The killing of nine black churchgoers by a white gunman, Dylann Roof, in Charleston, S.C., sparked a nationwide debate over the Confederate battle emblem.

Some, including Gov. Nikki Haley (R), have argued that the flag should be removed from the Capitol grounds. The South Carolina Legislature followed suit, voting overwhelming to open debate on the removal of the flag. Others oppose its removal. For example, Mike Ryhal, a member of the South Carolina House, referencing “South Carolina history,” said, “I don’t think it should be removed.”

This debate is not new, nor limited to South Carolina. Much of the discussion revolves around the question of whether the flag represents “heritage or hatred” (see, for example, here, here, and here). Drawing on rare survey data on this subject, we can shed light on this question. We find that white Southerners who support the Confederate flag are actually less knowledgeable about Southern history; no stronger in their attachments to fellow Southerners (after racial attitudes are taken into account); less tolerant of interracial dating; and more likely to deny that blacks are discriminated against in the labor market.

Our data come from a survey of 522 white Georgians conducted by the Survey Research Laboratory at Georgia State University in 2004. This survey was designed to assess opinions about three different potential state flags that were being considered at the time: one of these flags prominently featured the Confederate battle emblem:

Knowledge about Southern history was measured with two questions: whether the respondent could correctly identify the famous Union general, William Tecumseh Sherman, and the number of Civil War battles the respondent could name. (In our analysis, no credit was given for additional battles named after the first two.)

The argument that respect for Southern heritage drives white support for the Confederate flag might lead one to think that flag supporters would be more knowledgeable about Southern history. We found exactly the opposite: whites with more knowledge about Civil War history are actually less supportive of the state flag prominently featuring the Confederate battle emblem:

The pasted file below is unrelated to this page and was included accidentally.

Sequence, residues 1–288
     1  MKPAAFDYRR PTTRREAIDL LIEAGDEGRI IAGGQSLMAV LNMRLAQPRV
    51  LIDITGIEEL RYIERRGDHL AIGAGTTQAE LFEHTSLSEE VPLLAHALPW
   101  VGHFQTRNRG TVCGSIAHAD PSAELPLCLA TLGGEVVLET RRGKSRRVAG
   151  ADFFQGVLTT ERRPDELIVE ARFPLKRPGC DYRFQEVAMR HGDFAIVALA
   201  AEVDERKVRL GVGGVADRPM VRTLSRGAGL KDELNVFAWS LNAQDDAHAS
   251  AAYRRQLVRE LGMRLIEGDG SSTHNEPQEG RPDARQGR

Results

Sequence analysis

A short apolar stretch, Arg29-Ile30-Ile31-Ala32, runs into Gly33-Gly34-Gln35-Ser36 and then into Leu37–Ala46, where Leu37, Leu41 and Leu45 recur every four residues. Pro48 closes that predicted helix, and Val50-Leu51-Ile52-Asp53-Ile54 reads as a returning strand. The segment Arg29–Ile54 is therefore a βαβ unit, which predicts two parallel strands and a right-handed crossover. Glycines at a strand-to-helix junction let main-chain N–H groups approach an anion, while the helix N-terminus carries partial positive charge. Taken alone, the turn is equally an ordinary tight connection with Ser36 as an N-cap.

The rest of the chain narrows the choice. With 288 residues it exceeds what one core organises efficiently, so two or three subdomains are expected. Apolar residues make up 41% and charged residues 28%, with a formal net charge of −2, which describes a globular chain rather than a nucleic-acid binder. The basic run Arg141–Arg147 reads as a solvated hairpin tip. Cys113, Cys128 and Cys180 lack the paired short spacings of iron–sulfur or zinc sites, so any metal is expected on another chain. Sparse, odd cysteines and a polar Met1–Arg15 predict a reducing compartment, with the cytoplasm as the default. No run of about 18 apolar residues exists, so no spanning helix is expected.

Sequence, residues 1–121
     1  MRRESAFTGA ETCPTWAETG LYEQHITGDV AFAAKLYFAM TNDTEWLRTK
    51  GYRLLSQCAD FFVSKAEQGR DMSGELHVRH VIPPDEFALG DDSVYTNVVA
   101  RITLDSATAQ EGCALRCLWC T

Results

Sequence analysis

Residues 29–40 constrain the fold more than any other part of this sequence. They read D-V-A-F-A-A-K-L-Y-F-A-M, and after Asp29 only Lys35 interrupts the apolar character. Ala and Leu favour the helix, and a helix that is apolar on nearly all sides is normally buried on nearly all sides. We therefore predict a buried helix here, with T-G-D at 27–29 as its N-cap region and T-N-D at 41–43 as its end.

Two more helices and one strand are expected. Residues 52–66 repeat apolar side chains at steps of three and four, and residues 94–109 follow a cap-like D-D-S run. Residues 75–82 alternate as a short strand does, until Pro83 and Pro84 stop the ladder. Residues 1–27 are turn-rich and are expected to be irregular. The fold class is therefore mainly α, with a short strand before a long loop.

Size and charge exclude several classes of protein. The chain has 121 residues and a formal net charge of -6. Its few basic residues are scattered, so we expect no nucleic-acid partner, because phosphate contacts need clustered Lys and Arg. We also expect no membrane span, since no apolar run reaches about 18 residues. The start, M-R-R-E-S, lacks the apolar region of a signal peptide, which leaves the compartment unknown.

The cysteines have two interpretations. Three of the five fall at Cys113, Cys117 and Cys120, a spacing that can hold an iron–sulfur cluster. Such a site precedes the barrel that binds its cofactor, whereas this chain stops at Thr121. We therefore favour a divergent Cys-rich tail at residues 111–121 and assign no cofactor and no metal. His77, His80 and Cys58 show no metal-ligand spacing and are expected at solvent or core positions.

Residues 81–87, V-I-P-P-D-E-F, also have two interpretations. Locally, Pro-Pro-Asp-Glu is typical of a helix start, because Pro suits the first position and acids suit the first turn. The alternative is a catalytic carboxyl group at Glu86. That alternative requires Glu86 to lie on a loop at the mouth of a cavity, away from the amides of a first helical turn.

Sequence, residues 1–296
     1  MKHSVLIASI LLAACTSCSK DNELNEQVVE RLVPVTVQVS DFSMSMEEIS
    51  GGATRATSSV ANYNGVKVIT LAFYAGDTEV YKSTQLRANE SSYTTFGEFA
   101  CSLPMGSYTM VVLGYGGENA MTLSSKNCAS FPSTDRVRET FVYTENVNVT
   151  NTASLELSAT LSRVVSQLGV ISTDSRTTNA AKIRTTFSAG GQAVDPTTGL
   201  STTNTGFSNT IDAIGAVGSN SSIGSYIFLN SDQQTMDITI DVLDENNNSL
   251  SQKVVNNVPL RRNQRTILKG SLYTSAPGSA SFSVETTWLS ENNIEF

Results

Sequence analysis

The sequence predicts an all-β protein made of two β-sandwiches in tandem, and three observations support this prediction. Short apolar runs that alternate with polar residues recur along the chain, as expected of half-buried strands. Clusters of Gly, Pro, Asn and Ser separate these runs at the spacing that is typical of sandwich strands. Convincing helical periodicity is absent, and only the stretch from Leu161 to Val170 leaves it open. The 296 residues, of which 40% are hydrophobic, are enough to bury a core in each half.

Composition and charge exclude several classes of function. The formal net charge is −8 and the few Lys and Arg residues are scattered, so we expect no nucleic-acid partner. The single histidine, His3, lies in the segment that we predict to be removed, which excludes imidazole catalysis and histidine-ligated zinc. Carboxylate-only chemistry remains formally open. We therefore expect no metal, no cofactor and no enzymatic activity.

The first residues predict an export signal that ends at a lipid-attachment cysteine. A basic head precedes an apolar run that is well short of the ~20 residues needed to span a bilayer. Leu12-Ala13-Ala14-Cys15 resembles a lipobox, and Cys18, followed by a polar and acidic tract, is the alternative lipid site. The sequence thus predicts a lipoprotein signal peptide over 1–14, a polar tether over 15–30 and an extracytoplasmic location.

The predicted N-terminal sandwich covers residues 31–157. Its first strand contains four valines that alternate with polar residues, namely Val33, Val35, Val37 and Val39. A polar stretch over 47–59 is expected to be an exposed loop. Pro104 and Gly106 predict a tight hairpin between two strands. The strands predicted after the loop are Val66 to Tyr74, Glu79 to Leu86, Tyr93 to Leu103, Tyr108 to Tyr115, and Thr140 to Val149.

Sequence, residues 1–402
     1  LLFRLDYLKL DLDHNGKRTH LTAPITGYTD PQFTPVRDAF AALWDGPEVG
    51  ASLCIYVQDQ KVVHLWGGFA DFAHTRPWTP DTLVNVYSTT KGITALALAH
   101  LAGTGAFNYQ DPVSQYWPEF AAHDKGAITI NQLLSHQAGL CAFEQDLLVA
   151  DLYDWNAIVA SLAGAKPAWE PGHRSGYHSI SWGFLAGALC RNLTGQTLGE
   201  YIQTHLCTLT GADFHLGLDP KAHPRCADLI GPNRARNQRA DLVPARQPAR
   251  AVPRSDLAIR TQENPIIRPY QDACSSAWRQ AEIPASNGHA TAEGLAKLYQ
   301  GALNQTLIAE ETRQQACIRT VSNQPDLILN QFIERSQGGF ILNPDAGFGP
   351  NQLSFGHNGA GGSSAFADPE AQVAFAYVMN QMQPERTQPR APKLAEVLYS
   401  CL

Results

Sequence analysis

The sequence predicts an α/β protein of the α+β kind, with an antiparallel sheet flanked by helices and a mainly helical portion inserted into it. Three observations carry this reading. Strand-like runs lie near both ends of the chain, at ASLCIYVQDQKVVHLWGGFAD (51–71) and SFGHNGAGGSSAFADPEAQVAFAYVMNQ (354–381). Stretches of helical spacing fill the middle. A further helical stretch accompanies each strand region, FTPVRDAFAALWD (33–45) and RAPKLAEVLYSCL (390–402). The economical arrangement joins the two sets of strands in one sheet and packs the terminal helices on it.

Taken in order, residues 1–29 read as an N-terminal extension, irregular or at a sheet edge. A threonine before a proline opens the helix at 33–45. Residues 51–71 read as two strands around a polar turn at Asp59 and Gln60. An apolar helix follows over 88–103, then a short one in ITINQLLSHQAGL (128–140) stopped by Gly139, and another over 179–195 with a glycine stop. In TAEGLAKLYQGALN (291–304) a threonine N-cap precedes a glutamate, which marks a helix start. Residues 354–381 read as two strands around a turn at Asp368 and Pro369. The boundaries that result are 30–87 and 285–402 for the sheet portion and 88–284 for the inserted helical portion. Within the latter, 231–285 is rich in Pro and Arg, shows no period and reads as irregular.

Of those whites who got all three answers correct (identified Sherman and correctly and named two Civil War battles), only 34 percent preferred the state flag with the Confederate battle emblem. Of those who got zero answers correct, 73 percent preferred the state flag with the Confederate battle emblem. Furthermore, this relationship is present even when we statistically control for markers of social class such as income and education. White supporters of the Confederate battle emblem are distinguished not by their knowledge of Southern history but rather their ignorance of it.

Of course, it is possible that one could feel an affiliation for the South without knowing much about the Civil War. We therefore also examined whether those whites who say they “feel close to Southerners” are more likely to support the Confederate flag. This question is tricky, though, because such whites are also disproportionately likely to express unfavorable attitudes toward blacks. After taking account of racial attitudes, we found no meaningful relationship between feelings of closeness to Southerners and support for the Confederate battle emblem.

In contrast, attitudes toward blacks were strongly associated with support for the Confederate flag. Among those whites who say they would object if their child dated someone of a different race, preference for the Confederate battle emblem is a full 20 percentage points higher than it is among those whites who would not object:

Similarly, among whites who do not believe that blacks are discriminated against in the labor market, support for the Confederate flag is 30 percentage points higher than it is among those whites who believe there is continuing racial discrimination.

Of course, this survey is now over 10 years old.  It is possible, though in our view improbable, that the factors affecting support for the Confederate flag have changed significantly.

Moreover, none of the above shows that the Confederate flag only represents racial intolerance. No doubt there are some whites who favor the Confederate flag for reasons that are not wholly reducible to racial intolerance.

But the results do suggest that in general, white support for the flag is associated not with a deep knowledge of Southern history or a kinship with Southerners, but with racism — that is, not with heritage but with hatred.

Spencer Piston is an assistant professor of political science at the Campbell Institute at the Maxwell School of Syracuse University. Logan Strother is a PhD Candidate in the department of political science at the Maxwell School of Syracuse University.

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